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General Commentary ARTICLE

Front. Psychiatry, 12 March 2020 | https://doi.org/10.3389/fpsyt.2020.00175

Commentary: Contextualizing Neuroticism in the Hierarchical Taxonomy of Psychopathology

  • 1Department of Developmental Psychology, Faculty of Social and Behavioural Sciences, University of Groningen, Groningen, Netherlands
  • 2Interdisciplinary Center Psychopathology and Emotion Regulation, Department of Psychiatry, University Medical Center Groningen, University of Groningen, Groningen, Netherlands

A Commentary on
Contextualizing Neuroticism in the Hierarchical Taxonomy of Psychopathology

by Brandes, C. M., and Tackett, J. L. (2019). J. Res. Pers. 81, 238–245. doi: 10.1016/j.jrp.2019.06.007

Although I agree with most of the great review by Brandes and Tackett (1) about the connection between neuroticism and psychopathology as conceptualized in the Hierarchical Taxonomy of Psychopathology (HiTOP), there are several limitations and future research directions on which I wish to elaborate. First, and most fundamental, I welcome the aims of the HiTOP model to overcome some limitations of categorical diagnostic systems (2). However, the HiTOP frequency-approach remains largely similar to the Diagnostic and Statistical Manual of Mental Disorders [DSM-5, (3)] insofar that it negates the time dimension and most intra-individual dynamics and developmental interconnections between the various system levels [e.g., Fisher et al. (4), Jeronimus (5), and Molenaar (6)], from emotions [over hours, e.g., Kuppens et al. (7)] to mood problems [over weeks, e.g., Wichers (8)] and interpersonal and personality processes [over months and years, e.g., Hopwood (9) and Mobbs (10)], their co-development [e.g., Durbin and Hicks (11) and Ormel et al. (12)], underlying processes [e.g., Kunnen et al. (13)] and origins [e.g., Kendler et al. (14); or Nickels et al. (15) for some problems with the HiTOP], among others. For example, in line with the HiTOP model, Brandes and Tackett cover the time dimension only in Table 1 and on page 242. Neuroticism may be linked to the emergence of symptoms and psychopathology [(1), p. 243] but proof requires studies and manipulations that cover intra-individual changes across various time scales [e.g., Jeronimus (5) and Hamaker and Wichers (16)]. Hence, the inclusion of developmental and dynamic process-perspectives and methodology would make the HiTOP approach even more relevant and exciting. For example, the 25% of the Dutch population with the highest neuroticism scores seem to generate over 80% of all mental health costs (17), but a strictly dimensional or spectrum perspective cannot explain why many people with high neuroticism scores do not develop disorders and are healthy and happy (as illustrated in Figure 1 below)1. Health is a multidimensional state and in certain circumstances high levels of neuroticism can benefit health (20), such as when combined high conscientiousness [e.g., healthy neurotic; Turiano et al. (21) and Weston and Jackson (22)] or in interaction with various other personal strengths [e.g., Bos et al. (23) and Tamir et al. (24)]. Furthermore, high scores on the neuroticism facets worry and vulnerability predict longer lives (25). Future work shall show us in more detail what we can learn from healthy and happy neurotics.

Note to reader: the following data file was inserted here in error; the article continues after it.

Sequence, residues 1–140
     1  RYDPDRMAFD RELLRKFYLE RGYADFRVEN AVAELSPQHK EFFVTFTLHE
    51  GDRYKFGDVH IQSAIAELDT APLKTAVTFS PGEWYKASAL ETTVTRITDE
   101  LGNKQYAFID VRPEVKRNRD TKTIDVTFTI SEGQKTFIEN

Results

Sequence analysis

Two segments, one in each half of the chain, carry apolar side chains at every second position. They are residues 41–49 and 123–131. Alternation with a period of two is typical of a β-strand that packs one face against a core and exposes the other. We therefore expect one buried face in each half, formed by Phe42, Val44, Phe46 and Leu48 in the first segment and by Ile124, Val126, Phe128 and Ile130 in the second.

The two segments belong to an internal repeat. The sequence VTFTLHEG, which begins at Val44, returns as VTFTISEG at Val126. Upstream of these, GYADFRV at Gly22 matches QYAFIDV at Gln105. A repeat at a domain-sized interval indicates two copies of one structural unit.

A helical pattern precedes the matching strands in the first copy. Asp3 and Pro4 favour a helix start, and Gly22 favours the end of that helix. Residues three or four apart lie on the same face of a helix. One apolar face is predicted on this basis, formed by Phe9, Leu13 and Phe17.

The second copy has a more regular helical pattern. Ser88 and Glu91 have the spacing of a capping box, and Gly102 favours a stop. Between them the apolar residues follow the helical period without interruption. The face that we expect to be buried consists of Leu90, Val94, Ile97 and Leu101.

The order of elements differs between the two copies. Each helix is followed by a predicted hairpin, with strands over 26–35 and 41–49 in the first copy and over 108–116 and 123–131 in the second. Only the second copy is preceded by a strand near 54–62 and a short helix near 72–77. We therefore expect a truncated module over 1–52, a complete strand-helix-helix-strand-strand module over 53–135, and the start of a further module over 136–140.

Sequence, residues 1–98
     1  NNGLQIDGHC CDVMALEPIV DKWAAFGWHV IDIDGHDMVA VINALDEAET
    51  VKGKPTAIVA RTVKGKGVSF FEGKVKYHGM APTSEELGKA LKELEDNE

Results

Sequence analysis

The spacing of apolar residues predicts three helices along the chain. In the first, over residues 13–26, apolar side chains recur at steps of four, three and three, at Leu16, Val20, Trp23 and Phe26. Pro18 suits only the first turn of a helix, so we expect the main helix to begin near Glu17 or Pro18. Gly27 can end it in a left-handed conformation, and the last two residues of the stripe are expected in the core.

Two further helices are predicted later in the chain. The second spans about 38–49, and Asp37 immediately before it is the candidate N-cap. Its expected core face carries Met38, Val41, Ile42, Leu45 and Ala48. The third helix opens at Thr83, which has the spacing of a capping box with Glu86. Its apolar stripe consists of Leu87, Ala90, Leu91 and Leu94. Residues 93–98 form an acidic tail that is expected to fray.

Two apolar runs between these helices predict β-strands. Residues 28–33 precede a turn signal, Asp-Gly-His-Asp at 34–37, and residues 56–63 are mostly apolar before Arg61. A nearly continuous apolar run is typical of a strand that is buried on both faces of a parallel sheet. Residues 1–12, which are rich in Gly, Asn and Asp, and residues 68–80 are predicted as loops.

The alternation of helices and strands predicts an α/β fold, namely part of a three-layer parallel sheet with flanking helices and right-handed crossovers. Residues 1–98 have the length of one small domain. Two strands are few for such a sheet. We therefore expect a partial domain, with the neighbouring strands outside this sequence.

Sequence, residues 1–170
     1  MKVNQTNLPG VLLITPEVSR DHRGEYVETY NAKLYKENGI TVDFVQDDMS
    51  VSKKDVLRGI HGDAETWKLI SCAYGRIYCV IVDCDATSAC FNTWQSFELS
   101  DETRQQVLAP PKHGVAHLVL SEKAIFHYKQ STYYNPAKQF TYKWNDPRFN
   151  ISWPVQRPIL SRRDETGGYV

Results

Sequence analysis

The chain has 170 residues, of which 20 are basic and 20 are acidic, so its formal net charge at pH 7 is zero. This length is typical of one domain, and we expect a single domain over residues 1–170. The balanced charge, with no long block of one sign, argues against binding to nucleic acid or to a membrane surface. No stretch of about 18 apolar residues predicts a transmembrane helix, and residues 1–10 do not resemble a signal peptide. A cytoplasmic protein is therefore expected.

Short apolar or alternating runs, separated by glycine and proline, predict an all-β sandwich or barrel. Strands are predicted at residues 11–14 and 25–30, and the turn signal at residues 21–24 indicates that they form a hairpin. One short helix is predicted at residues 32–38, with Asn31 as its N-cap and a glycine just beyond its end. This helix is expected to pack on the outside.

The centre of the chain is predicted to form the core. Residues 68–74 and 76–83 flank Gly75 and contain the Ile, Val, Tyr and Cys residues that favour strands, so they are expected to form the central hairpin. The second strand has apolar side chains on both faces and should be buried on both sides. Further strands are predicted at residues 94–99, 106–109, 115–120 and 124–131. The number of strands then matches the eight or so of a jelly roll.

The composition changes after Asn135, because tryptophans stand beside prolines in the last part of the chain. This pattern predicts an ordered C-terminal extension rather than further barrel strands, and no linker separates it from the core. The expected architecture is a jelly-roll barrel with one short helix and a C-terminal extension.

FIGURE 1
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Figure 1. Happy neurotics are depicted in gold. This figure shows 5,000 participants of the HowNutsAreTheDutch study [age range 18–87, mean is 46 (SD = 15), 69% women, see van der Krieke et al. (18) for details] who completed the neuroticism scale of the NEO-PI-3 (48 items with Likert scale 1–5). Horizontally you see the neuroticism scale subdivided over four quartiles. The golden section indicates the 10% of the people with the highest neuroticism scores (top 25% or Q4) who report to be happy, which I defined as the top 25% (Q4) of happiness scores [scale 0–10, which ranges from the lowest (=0) to highest (=10) wellbeing one can imagine, see Abdel-Khalek (19)].